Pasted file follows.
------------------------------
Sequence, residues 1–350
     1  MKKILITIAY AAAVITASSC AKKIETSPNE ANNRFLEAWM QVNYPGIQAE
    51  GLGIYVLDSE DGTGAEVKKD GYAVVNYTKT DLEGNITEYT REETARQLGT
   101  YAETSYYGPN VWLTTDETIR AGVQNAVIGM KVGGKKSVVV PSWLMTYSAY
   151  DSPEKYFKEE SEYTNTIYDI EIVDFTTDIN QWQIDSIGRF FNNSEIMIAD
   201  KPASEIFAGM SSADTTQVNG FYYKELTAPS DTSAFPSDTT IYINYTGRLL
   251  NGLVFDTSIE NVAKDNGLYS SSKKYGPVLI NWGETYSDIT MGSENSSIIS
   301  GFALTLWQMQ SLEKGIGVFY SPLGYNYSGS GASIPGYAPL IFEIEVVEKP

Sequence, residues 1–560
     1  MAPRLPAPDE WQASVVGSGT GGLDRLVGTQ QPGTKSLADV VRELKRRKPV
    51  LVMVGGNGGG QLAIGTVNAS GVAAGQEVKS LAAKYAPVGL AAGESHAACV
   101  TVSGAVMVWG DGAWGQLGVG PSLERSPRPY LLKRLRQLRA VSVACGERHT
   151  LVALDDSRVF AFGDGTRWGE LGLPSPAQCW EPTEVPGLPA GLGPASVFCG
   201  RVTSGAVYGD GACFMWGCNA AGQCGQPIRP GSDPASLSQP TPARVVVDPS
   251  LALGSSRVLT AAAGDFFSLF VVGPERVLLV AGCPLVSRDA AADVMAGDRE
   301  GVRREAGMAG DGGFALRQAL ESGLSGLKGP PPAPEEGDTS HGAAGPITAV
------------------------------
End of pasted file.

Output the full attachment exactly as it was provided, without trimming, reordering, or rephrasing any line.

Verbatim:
Sequence, residues 1–350
     1  MKKILITIAY AAAVITASSC AKKIETSPNE ANNRFLEAWM QVNYPGIQAE
    51  GLGIYVLDSE DGTGAEVKKD GYAVVNYTKT DLEGNITEYT REETARQLGT
   101  YAETSYYGPN VWLTTDETIR AGVQNAVIGM KVGGKKSVVV PSWLMTYSAY
   151  DSPEKYFKEE SEYTNTIYDI EIVDFTTDIN QWQIDSIGRF FNNSEIMIAD
   201  KPASEIFAGM SSADTTQVNG FYYKELTAPS DTSAFPSDTT IYINYTGRLL
   251  NGLVFDTSIE NVAKDNGLYS SSKKYGPVLI NWGETYSDIT MGSENSSIIS
   301  GFALTLWQMQ SLEKGIGVFY SPLGYNYSGS GASIPGYAPL IFEIEVVEKP

Sequence, residues 1–560
     1  MAPRLPAPDE WQASVVGSGT GGLDRLVGTQ QPGTKSLADV VRELKRRKPV
    51  LVMVGGNGGG QLAIGTVNAS GVAAGQEVKS LAAKYAPVGL AAGESHAACV
   101  TVSGAVMVWG DGAWGQLGVG PSLERSPRPY LLKRLRQLRA VSVACGERHT
   151  LVALDDSRVF AFGDGTRWGE LGLPSPAQCW EPTEVPGLPA GLGPASVFCG
   201  RVTSGAVYGD GACFMWGCNA AGQCGQPIRP GSDPASLSQP TPARVVVDPS
   251  LALGSSRVLT AAAGDFFSLF VVGPERVLLV AGCPLVSRDA AADVMAGDRE
   301  GVRREAGMAG DGGFALRQAL ESGLSGLKGP PPAPEEGDTS HGAAGPITAV